I also wanted to keep in mind what I feel are going to be the best plugins that you can have in your toolkit for mixing. If you're just starting out mixing it can be truly mind boggling, all the choices that you have for plugins. But it really comes down to just needing a handful of of different types of plugins to be able to get you mixing music up to today's sort of modern standard.
And so for me, when I was putting the list together, those handful of plugins that you that you're going to need on a daily basis as you mix music is going to be an EQ, it's going to be a compressor, you're going to need a reverb unit, a delay unit, you're probably going to need saturation or distortion of some sort, a tape machine or tape emulator.
You're going to need some metering, you're going to need some way of referencing your mix to a commercial mix.
You're probably going to need a limiter and a noise gate.
So what by all means is that you've got all the basic areas covid, you've got EQ, you've got dynamic control, you've got special effects, you've got tape emulation or analogue saturation.
You've got the essential metering and referencing tools and a limiter to help you keep your mix bus level under control and to get it loud enough for commercial release. And that's it really.
You've got all the bases covered.
So for me, when I talk about an EQ plug in, really what I need in my tool box is what I call a clean EQ, which I will use for surgical EQ ing cleaning up sounds and EQ that's not going to impart any kind of tone or colour of its own.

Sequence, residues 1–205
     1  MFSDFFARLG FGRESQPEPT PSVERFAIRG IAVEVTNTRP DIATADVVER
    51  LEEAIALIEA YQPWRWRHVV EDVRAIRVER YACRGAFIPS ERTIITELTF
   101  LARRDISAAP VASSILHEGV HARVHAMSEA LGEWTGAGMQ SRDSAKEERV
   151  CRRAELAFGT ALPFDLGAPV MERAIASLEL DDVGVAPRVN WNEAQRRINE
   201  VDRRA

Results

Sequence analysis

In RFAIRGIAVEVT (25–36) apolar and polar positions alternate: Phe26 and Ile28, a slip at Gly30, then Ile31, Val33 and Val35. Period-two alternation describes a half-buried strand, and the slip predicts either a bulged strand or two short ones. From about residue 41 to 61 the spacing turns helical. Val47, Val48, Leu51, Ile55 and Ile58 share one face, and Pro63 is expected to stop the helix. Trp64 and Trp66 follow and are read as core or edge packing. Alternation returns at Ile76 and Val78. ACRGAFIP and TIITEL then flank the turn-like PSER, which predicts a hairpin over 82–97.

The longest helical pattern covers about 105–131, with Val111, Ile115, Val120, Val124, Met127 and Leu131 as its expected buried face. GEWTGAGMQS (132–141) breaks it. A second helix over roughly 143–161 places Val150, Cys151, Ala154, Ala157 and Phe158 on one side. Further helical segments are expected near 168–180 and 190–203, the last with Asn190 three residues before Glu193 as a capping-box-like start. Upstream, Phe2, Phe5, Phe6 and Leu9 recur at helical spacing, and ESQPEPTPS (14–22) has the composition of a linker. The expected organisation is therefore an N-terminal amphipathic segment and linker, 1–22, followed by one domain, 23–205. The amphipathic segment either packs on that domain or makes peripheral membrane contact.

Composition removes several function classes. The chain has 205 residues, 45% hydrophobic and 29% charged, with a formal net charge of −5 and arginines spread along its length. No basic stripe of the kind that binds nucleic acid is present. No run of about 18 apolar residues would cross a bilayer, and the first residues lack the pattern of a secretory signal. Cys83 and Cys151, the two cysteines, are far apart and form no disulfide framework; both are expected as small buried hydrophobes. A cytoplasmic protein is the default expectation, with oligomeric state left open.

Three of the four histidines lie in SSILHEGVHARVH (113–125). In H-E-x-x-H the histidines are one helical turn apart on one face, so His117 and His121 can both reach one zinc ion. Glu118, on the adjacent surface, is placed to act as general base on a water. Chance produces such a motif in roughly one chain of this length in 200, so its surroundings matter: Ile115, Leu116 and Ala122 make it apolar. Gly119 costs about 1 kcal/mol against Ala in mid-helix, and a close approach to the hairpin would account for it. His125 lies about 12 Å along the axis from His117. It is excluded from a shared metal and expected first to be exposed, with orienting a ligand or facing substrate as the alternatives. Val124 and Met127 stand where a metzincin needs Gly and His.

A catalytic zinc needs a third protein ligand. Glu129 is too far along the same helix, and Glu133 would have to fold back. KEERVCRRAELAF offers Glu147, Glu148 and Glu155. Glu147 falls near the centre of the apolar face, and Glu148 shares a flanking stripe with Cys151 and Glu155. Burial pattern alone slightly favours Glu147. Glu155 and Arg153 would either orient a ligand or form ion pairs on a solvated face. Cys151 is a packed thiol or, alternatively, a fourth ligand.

So then secondly, the second EQ tool would be an EQ that does have character, that does have a tone and that invariably ends up being some sort of analogue emulation plugin.
Then the same goes for Compressor's. I want a clean compressor that's not going to impart any colouration and then secondly, I also want another compressor that is full of character that I can use for creative purposes and that I can use for some secret sauce and fun. And again, in my case, that usually comes down to some sort of analogue emulation, then got standard kind of reverbs and delays.
And then I mentioned saturation and distortion and tape machines. Again, this is the analogue flavour I've been talking about. And why is that so important? Well, for me, it's how I've listened to records through to the point I'm at now in 2021. A lot of records I've listened to coming up, learning and growing have been recorded and mixed using analogue equipment. And so that's kinda how I'm used to hearing music. And it's what makes things sound like a record to me.
So it's important that I have elements of that in my DAW to be able to bring that into the digital domain for a mix to sound authentic.
If you've watched any of my videos, you will know that I'm big on referencing. It's not something that I do continuously through a mix, but it's something that I do at various stages. And I find it helps me keep on track with what my clients are asking me for and for my own personal goals for a mix.
Well, watch the video to find out!